ACCELERATED REGIONAL ROAD RENEWAL PROGRAM RECOMMENDED FOR APPROVAL

WINNIPEG - An administrative report published today for Executive Policy Committee’s (EPC) consideration next week is recommending approval in principle of an accelerated regional road improvement program that if approved by Council, and other levels of government, would result in over $300 million incremental investment into regional road repairs over the next five years. 

“Fixing our roads is a key priority for Winnipeggers, and I continue to share that priority,” said Mayor Brian Bowman. “Over the last four years, we have made road renewal a priority and have made record annual investments in local and regional roads across Winnipeg. The recommendations being made for consideration by EPC and Council would continue that momentum over the next six years.”

The enhanced program would significantly enhance the City of Winnipeg’s ability to fix Winnipeg’s regional road network by accessing $100 million through the federal government’s New Building Canada Fund (NBCF). It requires no additional funding from the city or provincial governments beyond existing forecasted levels. If adopted, combined funding from all three levels of government for Winnipeg’s overall regional and local street renewal program would exceed $976 million over the six year period between 2019-2024.

In 2014, the NBCF was created to encourage investments in infrastructure projects that contribute to economic growth, job creation, and productivity. Regional street renewals with traffic volumes in excess of 1,000 vehicles per day are an eligible project category under the NBCF.  In April 2017, it was identified that $527.5 million allocated for Manitoba under the NBCF of a total $667.9 million remained unallocated.
“This funding was sitting idle and was well on its way to lapsing in a federal bank account,” said Mayor Bowman. “Now, instead of it lapsing, it could be invested into pavement across Winnipeg.”

Mayor Bowman said investment in Winnipeg’s infrastructure, particularly roads, generates a significant positive rate of return, is money well invested, and provides a significant economic benefit.

“Investing in upgrading our regional and local road helps keep our city and province moving efficiently, and this is good for our overall economy and productivity, benefits of which are shared by businesses of all shapes and sizes both inside and outside of Winnipeg,” said Mayor Bowman. “And as Winnipeg’s population grows to one million people, investments like these, today, will help support a growing city into the future.”

Since 2013, quarterly polling has consistently shown the number one issue or concern of Winnipeggers is the poor condition of city streets. Within the City of Winnipeg there are over 10 million daily vehicle-kilometres driven by commuters and approximately 80% of the traffic volume is on regional streets. They City of Winnipeg’s Asset Management Plan identifies more than 7,300 lane kilometers within the city’s road network. It represents the city’s largest asset class, comprising almost half (42%) of the city’s total asset replacement value.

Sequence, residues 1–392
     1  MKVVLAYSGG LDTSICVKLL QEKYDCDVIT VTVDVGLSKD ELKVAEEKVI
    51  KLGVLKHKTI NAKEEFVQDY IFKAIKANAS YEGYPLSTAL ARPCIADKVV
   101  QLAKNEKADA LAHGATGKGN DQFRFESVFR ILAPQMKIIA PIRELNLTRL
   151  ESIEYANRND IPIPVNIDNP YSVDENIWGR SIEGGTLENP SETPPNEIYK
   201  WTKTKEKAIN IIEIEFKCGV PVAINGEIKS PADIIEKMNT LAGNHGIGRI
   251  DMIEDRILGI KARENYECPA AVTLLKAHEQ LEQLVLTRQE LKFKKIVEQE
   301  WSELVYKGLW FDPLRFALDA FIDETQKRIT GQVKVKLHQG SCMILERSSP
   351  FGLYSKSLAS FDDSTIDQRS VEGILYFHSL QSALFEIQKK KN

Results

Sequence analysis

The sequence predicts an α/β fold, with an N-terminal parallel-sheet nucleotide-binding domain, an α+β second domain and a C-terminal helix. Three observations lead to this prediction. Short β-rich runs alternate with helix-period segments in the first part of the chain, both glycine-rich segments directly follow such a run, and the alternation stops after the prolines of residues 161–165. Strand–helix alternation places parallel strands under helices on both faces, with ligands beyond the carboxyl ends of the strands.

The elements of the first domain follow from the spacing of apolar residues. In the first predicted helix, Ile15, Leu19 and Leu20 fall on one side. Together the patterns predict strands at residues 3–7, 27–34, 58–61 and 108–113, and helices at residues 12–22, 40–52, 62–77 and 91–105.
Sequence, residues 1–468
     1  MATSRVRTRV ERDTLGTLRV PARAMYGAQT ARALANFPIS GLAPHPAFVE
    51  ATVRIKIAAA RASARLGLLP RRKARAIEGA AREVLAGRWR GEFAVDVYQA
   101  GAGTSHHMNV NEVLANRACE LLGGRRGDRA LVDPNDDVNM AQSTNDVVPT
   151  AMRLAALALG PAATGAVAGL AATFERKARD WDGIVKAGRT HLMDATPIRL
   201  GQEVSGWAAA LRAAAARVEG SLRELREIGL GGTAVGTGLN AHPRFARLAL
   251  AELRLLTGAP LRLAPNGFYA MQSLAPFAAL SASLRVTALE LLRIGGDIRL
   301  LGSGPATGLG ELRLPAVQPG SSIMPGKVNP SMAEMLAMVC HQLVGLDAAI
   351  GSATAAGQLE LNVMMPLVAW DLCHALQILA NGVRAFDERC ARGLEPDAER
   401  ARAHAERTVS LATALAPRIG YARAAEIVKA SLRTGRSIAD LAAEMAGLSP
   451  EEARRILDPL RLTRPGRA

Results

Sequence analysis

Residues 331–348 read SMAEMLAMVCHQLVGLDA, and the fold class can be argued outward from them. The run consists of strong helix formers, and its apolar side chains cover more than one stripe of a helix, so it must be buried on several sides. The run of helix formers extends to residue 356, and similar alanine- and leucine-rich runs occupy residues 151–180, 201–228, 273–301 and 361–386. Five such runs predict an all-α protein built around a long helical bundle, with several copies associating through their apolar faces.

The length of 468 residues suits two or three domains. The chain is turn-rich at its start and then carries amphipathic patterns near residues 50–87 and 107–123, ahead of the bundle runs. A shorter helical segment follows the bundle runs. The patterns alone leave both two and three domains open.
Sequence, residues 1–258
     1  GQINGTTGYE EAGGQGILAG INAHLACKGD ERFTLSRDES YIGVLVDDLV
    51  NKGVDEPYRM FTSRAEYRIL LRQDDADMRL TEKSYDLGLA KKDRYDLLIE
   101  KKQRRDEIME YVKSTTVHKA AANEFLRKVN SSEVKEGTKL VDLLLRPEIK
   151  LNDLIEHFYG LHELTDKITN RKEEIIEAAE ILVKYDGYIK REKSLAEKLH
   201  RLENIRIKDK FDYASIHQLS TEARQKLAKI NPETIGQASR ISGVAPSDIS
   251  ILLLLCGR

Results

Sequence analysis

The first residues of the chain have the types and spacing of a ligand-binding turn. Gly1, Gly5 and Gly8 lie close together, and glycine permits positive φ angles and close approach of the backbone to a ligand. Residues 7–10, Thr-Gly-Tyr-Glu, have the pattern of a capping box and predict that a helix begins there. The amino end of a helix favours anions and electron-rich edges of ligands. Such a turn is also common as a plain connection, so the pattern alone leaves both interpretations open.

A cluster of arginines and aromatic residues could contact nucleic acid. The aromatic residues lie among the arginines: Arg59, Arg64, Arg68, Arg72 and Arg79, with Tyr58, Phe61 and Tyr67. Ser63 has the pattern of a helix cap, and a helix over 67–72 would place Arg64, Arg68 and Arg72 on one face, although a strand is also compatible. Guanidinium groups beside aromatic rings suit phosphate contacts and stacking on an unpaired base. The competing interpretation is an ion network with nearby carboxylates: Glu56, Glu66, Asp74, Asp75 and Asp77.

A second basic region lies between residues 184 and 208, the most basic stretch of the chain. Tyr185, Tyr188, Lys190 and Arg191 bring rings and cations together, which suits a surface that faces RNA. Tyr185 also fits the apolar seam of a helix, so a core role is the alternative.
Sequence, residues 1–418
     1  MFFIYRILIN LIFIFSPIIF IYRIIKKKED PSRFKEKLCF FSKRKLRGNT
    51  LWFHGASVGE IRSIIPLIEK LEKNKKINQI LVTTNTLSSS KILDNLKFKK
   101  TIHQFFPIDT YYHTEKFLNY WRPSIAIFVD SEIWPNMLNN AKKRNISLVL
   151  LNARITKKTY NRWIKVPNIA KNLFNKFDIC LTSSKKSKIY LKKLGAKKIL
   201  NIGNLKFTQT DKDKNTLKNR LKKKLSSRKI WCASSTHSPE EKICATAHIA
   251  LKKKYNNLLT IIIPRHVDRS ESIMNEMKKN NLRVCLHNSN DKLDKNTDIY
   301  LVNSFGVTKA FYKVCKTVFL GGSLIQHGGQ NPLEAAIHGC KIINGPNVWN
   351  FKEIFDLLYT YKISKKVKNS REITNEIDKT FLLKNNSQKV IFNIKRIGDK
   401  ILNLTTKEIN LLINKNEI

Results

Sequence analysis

Currently, the City of Winnipeg has accessed only $45.875 million of NBCF funding for the Waverley Street Grade Separation Project, which results in approximately 7% of the province’s allocated NBCF funding.  The addition of the NBCF funding for the Accelerated Regional Street Renewals program, along with the Waverley Project, would result in $145.875 million, or approximately 22% of Manitoba’s total NBCF funding.

The Public Service applied established asset management processes to identify regional streets renewal projects. The administrative report outlines the following projects and many more that would be made possible through the enhanced regional renewal program:

• Portage Avenue (Woodlawn to Garden)
• Pembina Hwy (Ducharme to Des Trappistes)
• Main Street (McAdam to Kildonan Park)
• Roblin Blvd. (Shaftesbury to Assiniboine Park Dr)
• Selkirk Avenue (Arlington to McPhillips)
• Salter Street (Dufferin to Mountain)
• Broadway (Osborne to Main)
• Keewatin Street (Inkster to Adsum)
• Maryland Street (Fawcett to Maryland Bridge)

Council approval in principle is required by the Federal Government to proceed with accessing the federal funding and to enter into an agreement with the Federal and Provincial governments. The recommendations are scheduled to be considered at the Executive Policy Committee on September 12. If adopted at that meeting, they will proceed for Council’s consideration on September 20.

The complete administrative report is available on the City of Winnipeg’s Decision Making Information System (DMIS).
 

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